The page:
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# Digital Logic Design ETEE 3183

UNCC

GPA 3.81

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This 112 page Class Notes was uploaded by Della Daniel on Sunday October 25, 2015. The Class Notes belongs to ETEE 3183 at University of North Carolina - Charlotte taught by Stephen Kuyath in Fall. Since its upload, it has received 32 views. For similar materials see /class/228975/etee-3183-university-of-north-carolina-charlotte in Electrical Engineering at University of North Carolina - Charlotte.

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Date Created: 10/25/15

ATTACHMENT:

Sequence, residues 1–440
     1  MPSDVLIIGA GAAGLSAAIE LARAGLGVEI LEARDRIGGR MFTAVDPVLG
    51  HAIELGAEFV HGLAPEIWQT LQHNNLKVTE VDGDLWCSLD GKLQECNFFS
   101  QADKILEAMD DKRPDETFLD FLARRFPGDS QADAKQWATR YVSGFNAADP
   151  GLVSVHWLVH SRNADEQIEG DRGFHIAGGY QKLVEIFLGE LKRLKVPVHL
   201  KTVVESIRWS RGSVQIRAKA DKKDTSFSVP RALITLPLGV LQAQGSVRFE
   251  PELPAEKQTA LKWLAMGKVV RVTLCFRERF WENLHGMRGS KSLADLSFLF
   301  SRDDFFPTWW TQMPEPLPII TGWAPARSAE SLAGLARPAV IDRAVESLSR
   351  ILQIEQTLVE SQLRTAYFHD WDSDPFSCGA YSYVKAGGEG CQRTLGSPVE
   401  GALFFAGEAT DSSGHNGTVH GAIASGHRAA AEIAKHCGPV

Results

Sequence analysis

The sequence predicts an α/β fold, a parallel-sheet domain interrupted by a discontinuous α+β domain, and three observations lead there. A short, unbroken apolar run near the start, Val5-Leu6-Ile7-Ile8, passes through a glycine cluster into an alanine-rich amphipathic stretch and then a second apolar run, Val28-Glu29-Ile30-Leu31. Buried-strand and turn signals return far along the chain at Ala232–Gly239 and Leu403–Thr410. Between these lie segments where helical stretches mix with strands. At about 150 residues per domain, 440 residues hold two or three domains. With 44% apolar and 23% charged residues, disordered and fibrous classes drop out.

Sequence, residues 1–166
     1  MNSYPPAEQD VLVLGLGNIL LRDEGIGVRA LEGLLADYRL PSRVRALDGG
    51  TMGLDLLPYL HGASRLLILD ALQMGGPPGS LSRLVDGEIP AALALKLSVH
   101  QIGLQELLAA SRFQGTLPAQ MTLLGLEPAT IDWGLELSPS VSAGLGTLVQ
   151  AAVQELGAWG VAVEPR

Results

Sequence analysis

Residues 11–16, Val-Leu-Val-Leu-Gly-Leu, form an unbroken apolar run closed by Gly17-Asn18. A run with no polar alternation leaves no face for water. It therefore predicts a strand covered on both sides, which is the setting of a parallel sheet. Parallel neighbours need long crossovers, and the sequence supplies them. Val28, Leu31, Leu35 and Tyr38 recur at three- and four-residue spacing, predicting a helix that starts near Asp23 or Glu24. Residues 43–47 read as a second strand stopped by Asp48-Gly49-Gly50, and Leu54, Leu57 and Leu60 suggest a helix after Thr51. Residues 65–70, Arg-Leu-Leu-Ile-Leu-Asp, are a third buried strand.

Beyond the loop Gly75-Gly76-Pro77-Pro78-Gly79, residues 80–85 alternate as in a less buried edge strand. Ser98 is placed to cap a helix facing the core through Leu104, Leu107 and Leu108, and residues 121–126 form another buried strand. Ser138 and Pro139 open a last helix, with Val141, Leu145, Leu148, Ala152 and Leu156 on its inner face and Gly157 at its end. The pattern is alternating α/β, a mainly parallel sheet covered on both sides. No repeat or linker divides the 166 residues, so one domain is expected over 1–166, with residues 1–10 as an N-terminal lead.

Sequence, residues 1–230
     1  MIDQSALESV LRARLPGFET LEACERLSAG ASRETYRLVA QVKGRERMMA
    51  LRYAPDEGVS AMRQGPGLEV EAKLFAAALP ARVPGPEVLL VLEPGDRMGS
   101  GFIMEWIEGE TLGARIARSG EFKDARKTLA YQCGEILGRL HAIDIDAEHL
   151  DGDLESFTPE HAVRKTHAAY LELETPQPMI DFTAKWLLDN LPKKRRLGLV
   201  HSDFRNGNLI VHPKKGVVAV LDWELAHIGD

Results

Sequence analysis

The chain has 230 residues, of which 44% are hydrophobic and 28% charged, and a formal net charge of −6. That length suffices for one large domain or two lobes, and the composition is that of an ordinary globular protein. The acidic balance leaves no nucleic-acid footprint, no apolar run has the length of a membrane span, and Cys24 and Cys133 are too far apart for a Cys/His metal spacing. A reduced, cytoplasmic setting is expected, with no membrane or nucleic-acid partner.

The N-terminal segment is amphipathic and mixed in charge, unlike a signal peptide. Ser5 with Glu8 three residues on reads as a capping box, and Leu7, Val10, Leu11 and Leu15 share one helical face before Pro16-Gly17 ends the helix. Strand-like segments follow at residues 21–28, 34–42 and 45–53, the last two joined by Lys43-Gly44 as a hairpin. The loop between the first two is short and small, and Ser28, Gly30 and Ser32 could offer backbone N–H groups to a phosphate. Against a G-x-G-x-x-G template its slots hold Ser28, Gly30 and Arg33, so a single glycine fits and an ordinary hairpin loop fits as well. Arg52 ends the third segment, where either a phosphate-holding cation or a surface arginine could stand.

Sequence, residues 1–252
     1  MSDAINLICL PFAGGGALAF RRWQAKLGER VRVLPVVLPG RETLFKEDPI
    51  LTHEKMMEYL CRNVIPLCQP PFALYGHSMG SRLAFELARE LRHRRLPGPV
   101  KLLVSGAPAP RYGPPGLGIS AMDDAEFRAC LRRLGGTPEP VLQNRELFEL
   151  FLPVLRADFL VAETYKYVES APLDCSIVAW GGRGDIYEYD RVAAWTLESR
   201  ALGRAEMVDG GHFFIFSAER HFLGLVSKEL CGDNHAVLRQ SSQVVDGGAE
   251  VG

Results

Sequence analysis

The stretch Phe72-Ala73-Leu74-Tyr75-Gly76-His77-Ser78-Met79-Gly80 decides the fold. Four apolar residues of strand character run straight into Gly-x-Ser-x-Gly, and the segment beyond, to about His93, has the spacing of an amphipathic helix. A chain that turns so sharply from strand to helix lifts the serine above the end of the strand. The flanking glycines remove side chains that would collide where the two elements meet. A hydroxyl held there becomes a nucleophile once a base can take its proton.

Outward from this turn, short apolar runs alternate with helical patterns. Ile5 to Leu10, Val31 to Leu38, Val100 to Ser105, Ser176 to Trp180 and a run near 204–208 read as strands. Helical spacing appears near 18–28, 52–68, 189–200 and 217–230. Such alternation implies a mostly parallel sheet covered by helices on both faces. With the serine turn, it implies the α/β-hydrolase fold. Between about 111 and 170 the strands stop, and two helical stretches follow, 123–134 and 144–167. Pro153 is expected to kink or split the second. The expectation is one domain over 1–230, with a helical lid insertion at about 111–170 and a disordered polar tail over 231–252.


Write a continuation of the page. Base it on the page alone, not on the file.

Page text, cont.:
Digital Logic Design Prerequisites by Topic 8282007 Prerequisites Demonstrated understanding of binary octal decimal and hexadecimal number systems and arithmetic operations A demonstrated understanding of fundamental digital electronics including the logic and electrical operating characteristics of AND OR XOR NAND and NOR gates Ability to apply circuit reduction techniques using Boolean algebra and Karnaugh maps 23 8282007 Number Systems Number Systems Binary base 2 Decimal base 10 Hexadecimal base 16 Octal base 8 Arithmetic Add Subtract Multiply and Divide Conversions Between any two number systems W33 8282007 Logic Gates AND 17 OR 0 NOT Inverter 3 NAND 3 D XOR Exclusive OR 8282007 8282007 NOT Inverter XOR Exclusive ORE AND oo oo w Aooolx NAND Truth Tables Electrical Characteristics Voltage levels for equivalent logic levels What we say Logic 1 2 5v Actual Typical Logic 1 z 32 34V Range of allowable Logic 1 z 2 55V What we say Logic 0 2 UV Actual Typical Logic 0 2 04V Range of allowable Logic 0 2 O 08V 8282007 Other Electrical Characteristics Fanout Source Current Sink Current Timing Characteristics Propagation Delays Rise Fall Times Positive Negative Logic Conversion Noise Margins Open Collector Drain Circuits and PullUp Resistors1 73 8282007 1 We will review and expand this topic Boolean Arithmetic Sumof Products SOP Minterms Ex XABCDAC Productof Sums POS Maxterms Ex X ABCCD Identify amp Convert Axioms Theorems Properties W83 8282007 A oms OOO 111 111 OOO O11OO 1OO11 If XOthen71 Ifx1thenYo 8282007 Theorems Identities XOO X11 X1X XOX XXX XXX XYo 71 X X X 8282007 Properties Laws Commutative XYYX XYYX Associative XYZXYZ XYZXYZ Distributive XYZXYXZ XYZXYXZ 8282007 Properties Laws Absorption XXYX XXYX Combmkg XYXV X YX X X 8282007 DeMorgan s Theorem oXYY oXYR ltrlt XYYXY oXHYwXY YVX Y Y X lt 8282007 Synthesis Once a Boolean expression is known the student should be able to implement the circuit using the basic logic gates Student should be able to convert from positive to negative logic and vice versa Student should be able to simplify a Boolean expression to its simplest terms Using Boolean Algebra Using Karnaugh Maps1 8282007 1 We will review and expand this topic 14 Other Concepts Flip Flops amp Latches1 SR JK amp D MSI ICs1 Counters Multiplexers MUXs DeMultiplexers DeMUX Decoders Encoders 8282007 1 We will review and expand this topic 15 Digital Logic Design Topic 2 Logic Gates and Families Definitions and Characteristics Objectives To review several basic logic gates To review positive and negative logic To become familiar with several static and dynamic characteristics of several logic families Understand fanout Noise margins Open collectordrain resistance calculations 3 Logic Gate Forms Positive Logic A i B AB 3 A Lgto A Negative Logic i Application of Positive Logic Active Level TRUE 1 i X Quiescent Level FALSE 0 Easier for us to analyze and interpret Application of Positive Logic Active Level TRUE 1 i X Quiescent Level FALS 0 Easier for us to analyze and interpret Application of Negative Logic Active Level TRUE 0 Y 1 3 Quiescent Level FALS Circuitry takes less space and draws less power EH Application of Positive Logic Active Level TRUE 1 i X Quiescent Level FALS 0 Easier for us to analyze and interpret Application of Negative Logic Active Level TRUE 0 Y Quiescent Level FALS 1 i Circuitry takes less space and draws less power Negative logic is more commonly used i Neqative Loqic Circuitrv Consider for a moment the schematic diagram of an inverting buffer gt W3 Neqative Loqic Circuitrv Consider for a moment the schematic diagram of an inverting buffer If A VCC the transistor saturates causing the 0 A output to go low 1 A Closed Switch EH Neqative Loqic Circuitrv Consider for a moment the schematic diagram of an inverting buffer A If A VCC the transistor saturates causing the output to go low K Open If A O the transistor Switch cuts off causing the output to go high EH Neqative Loqic Circuitrv The inverting buffer becomes a 2input NOR gate by allowing two inputs to saturate the transistor AB Neqative Loqic Circuitrv Adding an inverting buffer creates an OR gate Note One transistor is always turned on AB This circuit is larger and draws more current EH Neqative Loqic Circuitrv Advantages of using negative logic 0 Smaller footprint allows more dense circuits Lower power consumption Can be used to generate any logic 0 Better noise immunity in quiescent high state Faster switching speed EH Example Convert positive logic to negative logic y AB CD QDM a 3 CD IABCD new Example Convert positive logic to negative logic y AB CD 3 EM H C D IABCD D Replace the summing junction with its negative logic equivalent EH Example Convert positive logic to negative logic yABCDECTD AD B AB Lj mm AME C gt CD D were Example Convert positive logic to negative logic yABCDECTD A B AB 3ABCD AB CD cw D Move bubbles back to product junctions EH Example The negative logic is more ef cient because the circuit is faster amp uses all the same logic gates all on one IC 3 37 AB A Be AB Amco 0 gt CD Positive Logic 1mm ej n D Negative Logic EH Family Characteristics TTL Voltage and Current Characteristics1 Family quotEH V11 V OH V 0L 11 1 11H I0L I0H min V max V min V 111ax vquot max 111A max 111A min 111A 11113911 111A 7431 2 0 08 24 04 16 04 16 04 5433 20 08 24 04 16 04 16 04 HEX 20 03 24 04 20 05 20 05 54km 20 08 24 03 018 01 2 01 74SXX 20 08 27 05 20 05 20 10 T491319 20 08 30 05 05 02 20 20 74LSXX 20 08 27 05 04 02 8 04 20 08 30 04 01 02 8 04 Standard LS S AS Power Dissipation 10111W 2111 1011le 1111W 85111505r Propagation Delay 10118 10113 311 4113 1 5115 1 These are Ballpark values Actual Specification Sheet should be consulted Family Characteristics CMOS Voltage and Current Characteristics1 Family IVIH 00301409 VogTTL VOL CMOS VOLTTL If Io CMOS IOLTTL 103011110 log TTL mm V 00 mm V 1111110 max V max V m mm mm mA mm mA mm 111A mm mA 74HCxx 335 135 334 44 01 033 0001 0001 002 40 002 40 T4HCTxx 20 03 334 44 01 033 0001 0001 002 40 002 40 341ch 335 135 330 44 01 044 0001 0001 005 30 005 30 MAHCTXX 20 03 330 44 01 044 0001 0001 005 30 005 430 Speci cation for CMOS Loads Speci cation for TTL Loads 1 These are Ballpark values Actual Specification Sheet should be consulted Family Characteristics CMOS Power and Timing Characteristics1 HC HCT AlIC AHCT Power Dissipation 001251391 1W 00125mW 0025mm 0025mW Propagation Delayr 9nS IUnS 3nS 5nS TTL Power and Timing Characteristics1 Standard LS S ALB AS Power Dissipation 1 UmW ZmW 19mW ImW 8 infH Propagation Delayr 1018 10113 3nS 4118 15113 1 These are Ballpark values Actual Specification Sheet should be consulted Operation TTL Inverter If input A goes high Transistor turns on saturated output goes low If input A goes low Transistor turns off output gets pulled high Operation TTL NOR Au ATE B N If either A OR B goes high Transistor turns on saturated output goes low If both A and B are low Transistor turns off output gets pulled high Operation TTL OR A At Batik i1 1 l i o If either A OR B goes high Transistor on stage 1 turns on saturated turns off stage 2 transistor and output goes high 0 If both A and B are low Transistor on stage 1 turns off turns on stage 2 AB transistor and output goes low i 23 Operation TTL OR NOTE Stage 1 or stage 2 transistor AB is ALWAYS On A1 31 1 TTL uses a lot of power II o If either A OR B goes high Transistor on stage 1 turns on saturated turns off stage 2 transistor and output goes high o If both A and B are low Transistor on stage 1 turns off turns on stage 2 transistor and output goes low i 24 CMOS Primer NMOS Gate Source J Drain VD Substrate Body T VG NMOS transistor VS 0 V r VG l I I VS VD Simplified symbol for an NMOS transistor VDOV Closed switch when VG VDD NMOS transistor VD Open switch when VG O V CMOS Primer PMOS Gate Drain J 1 Source VS VDD VDD VDD VDD Substrate Body I J VG C I PMOS transistor T VD VD VD VDD Open switch Closed switch VG when VG VDD when VG O V L PMOS transistor I VS VD Simplified symbol for a PMOS transistor CMOS Primer VG NMOS transistor VS 0 V T 1 T Closed switch Open switch when VG VDD when VG O V VS VDD VDD VDD we I PMOS transistor VD VD VD VDD Open switch Closed switch when VG VDD when VG O V i iwff 27 Operation CMOS Inverter Q1 is an Ntype MOS FET this is a simplified circuit and is turned on when a high gate voltage is applied Q2 is a Ptype MOS FET this is a simplified circuit and is turned on when a low gate voltage is applied o lfthe input goes high Q1 turns on Q2 turns off output goes low If the input goes low Q1 turns off Q2 turns on output goes high EH Operation CMOS NAND M Q1 amp Q3 are Ntype MOS FETs and are turned on Q2 Tl Q4 when a high gate voltage is applied 7 X Q2 amp Q4 are Ptype MOS FETs and are turned on A 4 Q1 when a low gate voltage is applied BAEr o If both inputs go high Q1 amp Q3 turn on Q2 amp Q4 turn off output goes low o lfA goes low Q1 turns off Q2 turns on output goes high If B goes low Q3 turns off Q4 turns on output goes high 7 F i 29 Operation CMOS NOR Q1 amp Q3 are Ntype MOS FETs and are turned on A l 92 when a high gate voltage is applied B Q Q2 amp Q4 are Ptype MOS FETs and are turned on X when a low gate voltage is applied Q1 Li Q3 o If both inputs go low Q2 amp Q4 turn on Q1 amp Q3 turn off output goes high o lfA goes high Q2 turns off Q3 turns on output goes low If B goes high Q4 turns off Q1 turns on output goes low W i 30 Comparison In TTL circuits one or more transistors are always on which requires current and causes higher power dissipation In CMOS circuits at least one of the transistors in a pair is off preventing current flow and reduces power significantly as compared to TTL Current flows in CMOS circuits only as the inputsoutputs are changing Definitions VOHMm Minimum Output High Voltage VOLMAX Maximum Output LOW Voltage VDD Gnd Definitions VIHMIN Minimum Input LOW Voltage VILMAX Maximum Input Low Voltage VDD Gnd Definitions NMHIGH HighLevel Noise Margin NMLOW LowLevel Noise Margin VDD Gnd V OH MIN V IH MIN Definitions For devices to be compatible VOLMAX lt VILMAX AND V gt V OHMIN IHMIN DD VOHMIN Gnd Definitions IILMAX Maximum LowLogic Input Current IIHMAX Maximum HighLogic Input Current IOLMIN Minimum LowLogic Output Current IOHMIN Minimum HighLogic Output Current For devices to be compatible IOLMIN gt IILMAX AND IOH MIN gt2 IIH MAX Definitions FAN OUT The maximum number of device inputs that can be driven by a single device output Minimum of IIOLMIN IILMAX I OHMIN IHMAXI 0139 II Why be worried about fanout Example Two TTL Inverters One driving the other A B 1 4le Why be worried about fanout Example Two TTL Inverters Gate A driving Gate B B Vo 34V Why be worried about fanout Example Two TTL Inverters Gate A drivin Gate B A IOH IIH r av zI H Vol a a a a T a a in When Gate A is producing a logic 1 output and is driving too many Gate Bs OH increases causing the output voltage to drop because the voltage across R is increasing This will cause V0 to drop possibly below an identifiable Logic 1 2v Why be worried about fanout Example Two TTL Inverters Gate A driving Gate B A B Vo 04V 4le Why be worried about fanout Example Two TTL Inverters Gate A driving Gate B A x B B B B When Gate A is producing a logic 0 output and is driving too many Gate Bs OL increases causing the output voltage to increase because the voltage across D is increasing This will cause V0 to rise possibly above an identifiable Logic 0 08V Fanout in CMOS VDD VDD The capacitive load at node A Fanout in CMOS Current flow when input VX Changes from O V to 5 V 1D Vx l VDD Vf I Current flow when input VX Changes from 5 V to O V xx 139 V l39YH w d u The effect of fanout on propagation delay N1 Vf To inputs of x To inputs of n other inverters n other inverters L fquot Inverter that drives n other inverters Equivalent circuit for timing purposes Vf for n 1 kaforn 4 0 Time Propagation times for different values of n Example Similar Family HOW many 7400 series TTL inputs can be driven by a single 7400 series TTL output Example Similar Family HOW many 7400 series TTL inputs can be driven by a single 7400 series TTL output IOLMIN 39 oma IILMAX IOHMIN 0 4ma IIHMAX 0 04ma 16ma IIOLMINIILMAX I160 1 6 10 I0HMINIIHMAX 04o 04 10 Fan Out 0 Example Mixing Families HOW many 74ALSOO series TTL inputs can be driven by a single 7400 series TTL output Example Mixing Families How many 74ALSOO series TTL inputs can be driven by a single 7400 series TTL output I 160ma I 01ma OLMIN ILMAX IOHMIN 0 4ma IIHMAX 0 02ma IIOLMINIILMAX I16 0 o 1 1 60 I0HMINIIHMAX 04o 02 20 Fan Out 20 Logic Families To mix logic families 1 Logic Levels must be compatible VOL MAX lt2 VIL MAX V gt2 V OHMIN IHMIN Logic Families To mix logic families 1 Logic Levels must be compatible V lt V OL MAX IL MAX VOH MIN gt2 VIH MIN 2 Current Levels must be compatible IOL MIN gt2 IIL MAX IOH MIN gt2 IIH MAX 3 Fanout must not be exceeded Definitions Propagation Delay The time delay between an event on a device input and a corresponding change on its output VDD Viquot 50 Gna Propagation delay Propagation delay gt gt VDD 90 Veal 50 Gm 10 l r Definitions Rise Time TR The time required for a signal to rise from 10 of its amplitude to 90 of its amplitude VDD 90 90 Voul 39 Gnd 10 10 F tr tf Fall Time TF The time required for a signal to fall from 90 of its amplitude to 10 of its amplitude Common Loqic Families TTL TransistorTransistor Logic Bipolar transistors in commonemitter con guration Over 30 years old Switches currents Slow lOnsdeV typical 100 MHz 0 High power dissipation typically IOmWdev 0 Very reliable commonly used Power supply voltages 5V 0V Common Loqic Families ECLzEmitter Coupled Logic Bipolar highspeed multiemitter transistors eliminate several buffer stages Switches currents Fast 1nsdev typical 1 GHz 0 High power dissipation typically 40mWdev 0 Typical power supply voltages 8V 0V Approx 1V swing in signal from High to Low 0 Low noise margin 015V Common Loqic Families GaAszGaliumArsenide Logic Bipolar highspeed transistors use a Galium Arsenide substrate that is signi cantly faster than silicon Switches currents Very Fast OlnsdeV typical 10 GHz 0 High power dissipation typically ZOOmWdev Power supply voltages 35V 55V 0V Approx 1V swing in signal from High to Low Common Loqic Families MOSMetalOxide Semiconductor Logic Uses a metaloxide gate in a eldeffect transistor as the switch Switches voltages Slow IOOnsdev typical 10 MHz Low power dissipation typically ImWdev Power supply voltages 5 9V Varies Approx 25V swing in signal from High to Low Large gateto drain capacitances limit speed Common Loqic Families CMOSComplementary MOS Logic Uses MOSFET transistors in a comple mentary biased totem pole so that one transistor is always turned off Switches voltages Slow SOnsdev typical 20 MHz Very Low power dissipation lt OlmW 0 Excellent for batterydriven applications Complex power supplies Common Loqic Families Advances in CMOS Technology HCHCT High SpeedHS TTL Compatible Faster than the 4000 level CMOS 10ns Propagation Delay 100 MHz AHCAHCT Advanced HSAHC TTL Compatible Faster than the HCHCT CMOS 37 to 5ns Propagation Delay 200 MHz Open Collector Drain Outputs First let s take a look at a typical TTL TotemPole output EL39 OUT Open Collectorl Drain Outputs If the output is a LOW logic level the Lower transistor must be saturated Open Collectorl Drain Outputs If the output is a HIGH logic level the upper transistor must be saturated and the lower transistor must be off Open Collectorl Drain Outputs What happens if these two TTL outputs are tied together Logic LOW on the left circuit pulls the entire output low IEmFI Open Collectorl Drain Outputs What happens if these two TTL outputs are tied together IEmFI What is the current through the lower transistor in the first stage i 16 mA Open Collectorl Drain Outputs What happens if we tie a third TTL output to the other two 15m 15m What is the current through the lower 3 transistor in the first stage 32 mA Open Collectorl Drain Outputs If we add another the first transistor will have to sink 48 mA i i i 48m i1 Open Collectorl Drain Outputs A LOW on any single gate output pulls the entire circuit output LOW Wire NOR Excessive currents can permanently damage the circuits What can we do Solutions 1 Use an AND gate to combine the outputs TT TT TT TT Solutions 2 Use OpenCollector circuits Such circuits are specially designed to drive a single line with several device outputs Provides capability to switch currents up to 16mA 74XX with flexible Voltage supply values UTPUT 1 V 1 Solutions 2 Use OpenCollector circuits Useful for switching o Relays o Lamps 0 DC Motors 0 Stepping Motors 0 Etc UTPUT Open Collectorl Drain Outputs Any gate can pull the output line low Quiescent HIGH Active LOW Negative Logic RP limits current allowing any V VMAX vceBREAKDOWN Open Collectorl Drain Outputs To determine RP If RP is too small currents through the open collector circuits will be too large and the circuit will be damaged quotIii quotquot T Open Collectorl Drain Outputs I To determine RP If RP is too large insufficient current will be available to switch the junction to a low level EU W RP l x v v i quotIE Fquot I o u quotlquotquotquot39 quotIquotquotquot3939 Open Collectorl Drain Outputs To determine RP The minimum RP current state exists when all 00 circuits are in the high state EU W RP r W w I quotIii quotquot I o u quotlquotquotquot39 quotIquotquotquot3939 Open Collectorl Drain Outputs To determine RP The minimum RP current state exists when all 00 circuits are in the high state N1 N0 of QC Circuits EU Firm e e quotIii quotquot I o u Open Collectorl Drain Outputs To determine RP The minimum RP current state exists when all 00 circuits are in the high state N1 No of 00 Circuits N2 No of driven circuits T g i i e e quotIii quotquot Open Collectorl Drain Outputs To determine RP The minimum RP current state exists when all 00 circuits are in the high state IRPN1OHN2H EU Firm i quotIE Fquot I o u Open Collector Drain Outputs VC C VIHMIN RPMAX N110H N211H 5U R m E fig K I l 4 4 l IIH 53u Open Collector Drain Outputs VC C VIHMIN N110H N211H 50V 27V RPMAX RPMAX 4250uA 2SOyA Open Collector Drain Outputs VC C VIHMIN RPMAX N110H N211H 50V 27V RPMAX 4250A 2501A 23V RPMAX 1100M Open Collector Drain Outputs The maximum RP current state is 0L in any single 00 output The 00 output must sink both RP and NZIIL IOL IRP NZIIL EU R m v29 390L 7 EL Open Collectorl Drain Outputs So the current through RF is shown by the formula below IRPOL39 NZIIL EU R 39 GUTPUT t v29 quotquot 39quotquot I Fo u Ir Open Collector Drain Outputs VCC VILMAX RPMIN 10L N 211L 9 11 EBmFI RP DUTPUT Inquot 252141 E l l 1 1 IIquot 53un Open Collector Drain Outputs VCC VILMAX RPMIN 0L N211L RPM 50V O5V 20 mA 2 20mA Open Collector Drain Outputs VCC VILMAX RPMIN 0L N211L RP 50V 05V MIN 20 mA 2 20mA RPMIN 16mA Open Collector Drain Outputs RPMAX RPMIN RP 2 9 11E m P III 35Elu DUTPUT 39 z 1200 Open Collector Drain Outputs VC C VIHMIN RPMAX N 1 OH N 211H VCC VILMAX RPMIN 2 UL N 211L RPMAX RPMN P 2 Open Collectorl Drain Outputs Determine RP for the following circuit 5U II1EEImFI RP 39 In 25uaun D H H F H I3939 39339 N 39l E I Ii C lMC II E 59 J I39J39I C C Open Collector Drain Outputs VCC VIHMIN RPMAX N 110H N 21m 5U II1EEImFI 3 Y IIL EITFI UIL 3 EU L L Open Collector Drain Outputs 50V 27V R PMAX 2250A 350uA 5U II1EEImFI 9 1 D pa IIL EmFI UIL 3 EU T Open Collector Drain Outputs 23V RPMAX 3538KQ 650yA 5U I1E m 3 FE Open Collector Drain Outputs VCC VILMAX RPMIN 0L N211L 5U RP I l 25 u IIH E uFI UIH E39 W RPMAX 3 Y9quot Open Collector Drain Outputs 50V 05V 20 mA 320mA R PMIN 5U II1EEImFI RP 39 I l 25 u I I 5EuFI i i UIH 2 Tr39U RPMAX 3 Open Collector Drain Outputs Rpm 2 i 14 mA 5U Ill EBmFI R P InH E39S u I I 5EIuFI i i UIH 2 U 321 40 quotquot39 9V RPMAX 3 Open Collector Drain Outputs R PMAX R PMIN 2 EU RP RP 37 quot quotquotquot 39 l39 RPMIN I RPMAX 353 SKQ iv Open Collector Drain Outputs 3538 321 RP z 2000 Q EU RP 37 quot quotquotquot 39 l39 RPMIN I RPMAX 353 SKQ i613 Summary In this topic we Reviewed several basic logic gates Reviewed positive and negative logic Became familiar with several static and dynamic characteristics of several logic families including o Fanout Noise margins Open collectordrain resistance calculations